Wednesday, December 5, 2007

The Mercury Message

South Carolina physicians are calling on DHEC to test citizens for mercury poisoning according to a story in today's Post and Courier. As others have pointed out on this blog, coal plants (and Santee Cooper in particular) are the main source of mercury pollution in our state and evidence suggests that this problem is getting out of control. From the P&C:

In a letter sent Nov. 14 to Earl Hunter, commissioner of the Department of Health and Environmental Control, neurosurgeon Ken Kammer called mercury a "pressing public health threat" and urged the department to respond "by undertaking testing of citizens."

Two other physicians, Tim Dancy and Bernetha George, are joining in Kammer's request, according to Nancy Cave of the Coastal Conservation League.

In his letter, Kammer cited a recent Post and Courier series that showed some people who eat fish from mercury-contaminated sections of the state's rivers have elevated levels of mercury in their bodies. High levels can cause brain damage and other health problems.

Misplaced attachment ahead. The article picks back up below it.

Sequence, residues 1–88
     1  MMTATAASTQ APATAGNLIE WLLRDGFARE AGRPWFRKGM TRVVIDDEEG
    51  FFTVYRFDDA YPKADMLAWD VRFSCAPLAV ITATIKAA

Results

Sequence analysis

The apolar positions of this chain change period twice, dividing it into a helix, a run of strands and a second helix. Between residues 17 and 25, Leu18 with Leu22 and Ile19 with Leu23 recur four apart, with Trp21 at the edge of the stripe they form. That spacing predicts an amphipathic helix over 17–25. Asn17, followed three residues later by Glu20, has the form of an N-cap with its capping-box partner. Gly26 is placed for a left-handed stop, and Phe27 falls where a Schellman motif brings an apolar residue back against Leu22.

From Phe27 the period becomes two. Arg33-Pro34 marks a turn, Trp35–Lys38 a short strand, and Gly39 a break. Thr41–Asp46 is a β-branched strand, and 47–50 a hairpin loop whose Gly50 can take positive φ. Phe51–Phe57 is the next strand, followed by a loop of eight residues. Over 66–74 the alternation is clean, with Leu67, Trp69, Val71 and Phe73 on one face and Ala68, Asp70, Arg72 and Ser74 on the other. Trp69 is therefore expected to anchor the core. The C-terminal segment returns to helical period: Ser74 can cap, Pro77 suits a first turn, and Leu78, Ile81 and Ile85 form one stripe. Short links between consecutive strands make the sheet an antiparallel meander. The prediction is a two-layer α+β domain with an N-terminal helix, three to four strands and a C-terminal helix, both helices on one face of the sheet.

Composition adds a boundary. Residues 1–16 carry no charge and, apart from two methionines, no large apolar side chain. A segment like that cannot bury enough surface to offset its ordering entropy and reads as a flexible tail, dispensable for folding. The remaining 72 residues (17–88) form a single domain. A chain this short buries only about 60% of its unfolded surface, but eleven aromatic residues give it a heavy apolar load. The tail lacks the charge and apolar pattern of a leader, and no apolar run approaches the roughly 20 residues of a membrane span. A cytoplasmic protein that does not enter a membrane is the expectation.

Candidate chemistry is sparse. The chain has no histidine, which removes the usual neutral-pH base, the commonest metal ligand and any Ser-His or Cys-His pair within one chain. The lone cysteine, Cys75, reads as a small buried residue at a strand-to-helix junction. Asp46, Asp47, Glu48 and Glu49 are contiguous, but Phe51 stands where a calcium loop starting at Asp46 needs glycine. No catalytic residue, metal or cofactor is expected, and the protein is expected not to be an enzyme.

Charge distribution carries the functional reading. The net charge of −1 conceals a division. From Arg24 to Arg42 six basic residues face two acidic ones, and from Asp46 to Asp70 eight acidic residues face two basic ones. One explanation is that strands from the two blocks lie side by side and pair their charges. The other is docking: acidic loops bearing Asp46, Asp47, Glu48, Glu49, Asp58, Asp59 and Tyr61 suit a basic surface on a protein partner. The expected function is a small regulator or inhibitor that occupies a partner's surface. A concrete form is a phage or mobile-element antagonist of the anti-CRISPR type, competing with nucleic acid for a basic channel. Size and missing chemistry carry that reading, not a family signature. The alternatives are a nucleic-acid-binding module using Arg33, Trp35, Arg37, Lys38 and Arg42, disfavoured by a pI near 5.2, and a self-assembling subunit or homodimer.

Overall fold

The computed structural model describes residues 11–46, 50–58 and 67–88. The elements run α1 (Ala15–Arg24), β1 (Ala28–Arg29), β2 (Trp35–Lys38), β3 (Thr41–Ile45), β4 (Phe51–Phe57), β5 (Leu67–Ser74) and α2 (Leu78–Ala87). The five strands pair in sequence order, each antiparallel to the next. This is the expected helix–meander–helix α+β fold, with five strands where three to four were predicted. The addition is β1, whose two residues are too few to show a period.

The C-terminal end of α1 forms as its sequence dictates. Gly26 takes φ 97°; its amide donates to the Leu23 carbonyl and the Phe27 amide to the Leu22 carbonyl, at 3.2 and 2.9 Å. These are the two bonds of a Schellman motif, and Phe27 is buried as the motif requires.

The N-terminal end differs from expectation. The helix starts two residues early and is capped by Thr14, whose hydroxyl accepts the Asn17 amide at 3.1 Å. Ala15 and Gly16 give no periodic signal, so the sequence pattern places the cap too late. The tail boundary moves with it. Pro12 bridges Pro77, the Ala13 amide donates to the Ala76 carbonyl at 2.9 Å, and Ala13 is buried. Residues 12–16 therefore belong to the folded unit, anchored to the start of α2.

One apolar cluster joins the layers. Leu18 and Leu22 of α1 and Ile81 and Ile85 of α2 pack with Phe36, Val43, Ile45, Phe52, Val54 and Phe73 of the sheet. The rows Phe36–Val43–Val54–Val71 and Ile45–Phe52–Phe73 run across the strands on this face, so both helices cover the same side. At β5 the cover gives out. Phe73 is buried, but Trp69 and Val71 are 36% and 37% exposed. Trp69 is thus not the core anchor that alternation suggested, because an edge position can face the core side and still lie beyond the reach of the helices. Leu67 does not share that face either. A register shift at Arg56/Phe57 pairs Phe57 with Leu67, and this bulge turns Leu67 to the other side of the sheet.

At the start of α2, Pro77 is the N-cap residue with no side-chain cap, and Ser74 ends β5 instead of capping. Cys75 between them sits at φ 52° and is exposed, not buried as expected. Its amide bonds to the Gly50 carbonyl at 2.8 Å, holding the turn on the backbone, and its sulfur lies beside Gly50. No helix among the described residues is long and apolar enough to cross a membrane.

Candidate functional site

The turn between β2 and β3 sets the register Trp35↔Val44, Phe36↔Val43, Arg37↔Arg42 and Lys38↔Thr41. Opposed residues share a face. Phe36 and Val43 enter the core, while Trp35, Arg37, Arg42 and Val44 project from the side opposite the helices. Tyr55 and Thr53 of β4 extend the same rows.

State officials have issued warnings about mercury-tainted fish in more than 1,700 miles of rivers, mostly on the coastal plain.

The newspaper's series, "The Mercury Connection," found that coal-fired power plants are among the biggest sources of mercury contamination. The newspaper identified especially high areas of contamination in a triangular shaped area near the site of Santee Cooper's proposed $1 billion coal-fired power plant.

To read The Post and Courier's previous stories on mercury, click here.

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